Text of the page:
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Brain. 2007 Jan;130(Pt 1):88-99. Epub 2006 Nov 30.

The dreamy state: hallucinations of autobiographic memory evoked by temporal lobe stimulations and seizures.

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Service de Neurologie, Hopital Central, CHU de Nancy, France.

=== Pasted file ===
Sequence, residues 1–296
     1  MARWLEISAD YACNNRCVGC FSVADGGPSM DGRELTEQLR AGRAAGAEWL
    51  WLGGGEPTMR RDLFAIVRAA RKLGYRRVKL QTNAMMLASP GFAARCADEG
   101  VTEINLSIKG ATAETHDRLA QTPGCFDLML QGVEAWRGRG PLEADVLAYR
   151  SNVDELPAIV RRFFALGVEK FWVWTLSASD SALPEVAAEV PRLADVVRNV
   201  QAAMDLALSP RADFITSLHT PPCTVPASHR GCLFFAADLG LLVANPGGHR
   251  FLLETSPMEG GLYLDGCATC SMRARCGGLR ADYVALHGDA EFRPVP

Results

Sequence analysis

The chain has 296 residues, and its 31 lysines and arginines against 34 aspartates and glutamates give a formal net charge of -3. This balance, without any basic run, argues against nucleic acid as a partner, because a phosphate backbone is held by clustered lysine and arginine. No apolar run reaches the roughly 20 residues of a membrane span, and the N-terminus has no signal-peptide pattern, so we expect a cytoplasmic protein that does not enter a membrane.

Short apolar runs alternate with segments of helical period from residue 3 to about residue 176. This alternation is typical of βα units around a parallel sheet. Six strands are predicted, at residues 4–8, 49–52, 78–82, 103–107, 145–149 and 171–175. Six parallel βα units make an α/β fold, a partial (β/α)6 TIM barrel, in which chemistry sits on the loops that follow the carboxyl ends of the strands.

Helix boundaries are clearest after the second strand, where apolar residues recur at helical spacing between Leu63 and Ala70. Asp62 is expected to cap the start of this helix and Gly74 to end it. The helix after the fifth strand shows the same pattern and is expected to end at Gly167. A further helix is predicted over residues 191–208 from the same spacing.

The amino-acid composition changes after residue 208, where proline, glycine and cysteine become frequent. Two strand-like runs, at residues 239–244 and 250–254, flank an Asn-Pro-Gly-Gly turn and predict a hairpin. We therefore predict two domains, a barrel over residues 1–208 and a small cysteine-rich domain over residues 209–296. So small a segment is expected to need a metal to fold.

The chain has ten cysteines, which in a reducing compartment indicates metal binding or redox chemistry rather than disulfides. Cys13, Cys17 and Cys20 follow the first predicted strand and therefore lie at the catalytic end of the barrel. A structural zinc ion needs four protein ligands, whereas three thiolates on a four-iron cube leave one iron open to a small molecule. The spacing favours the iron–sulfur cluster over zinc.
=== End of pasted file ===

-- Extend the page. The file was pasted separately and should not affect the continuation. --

Using results from cortical stimulations, as well as the symptoms of spontaneous epileptic seizures recorded by stereoelectroencephalography we re-studied the phenomenon of the dreamy state, as described by Jackson (Jackson JH. Selected writings of John Hughlins Jackson. Vol 1. On epilepsy and epileptiform convulsions. Taylor J, editor. London: Hodder and Stoughton; 1931). A total of 15 sensations of déjà vécu, 35 visual hallucinations consisting of the image of a scene and 5 'feelings of strangeness' occurred. These were recorded during 40 stimulations in 16 subjects, and 15 seizures in 5 subjects. Forty-five per cent of dreamy states were evoked by stimulation of the amygdala, 37.5% by the hippocampus and 17.5% by the para-hippocampal gyrus. During both spontaneous and provoked dreamy state, the electrical discharge was localized within mesial temporal lobe structures, without involvement of the temporal neocortex. Early spread of the discharge to the temporal neocortex appeared to prevent the occurrence of the dreamy state. Semiological analysis showed a clinical continuity between déjà vécu and visual hallucinations, the latter often consisting of a personal memory that was 'relived' by the subject; such memories could be recent, distant or from childhood. With one exception, the particular memory evoked differed from one seizure to another, but were always drawn from the same period of the subject's life. Given the role of the amygdala and hippocampus in autobiographic memory, their pathological activation during seizures may trigger memory recall. This study of the dreamy state is in keeping with other evidence demonstrating the constant and central role of the amygdala and hippocampus (right as much as left) in the recall of recent and distant memories. It demonstrates the existence of large neural networks that produce recall of memories via activation of the hippocampus, amygdala and rhinal cortex.

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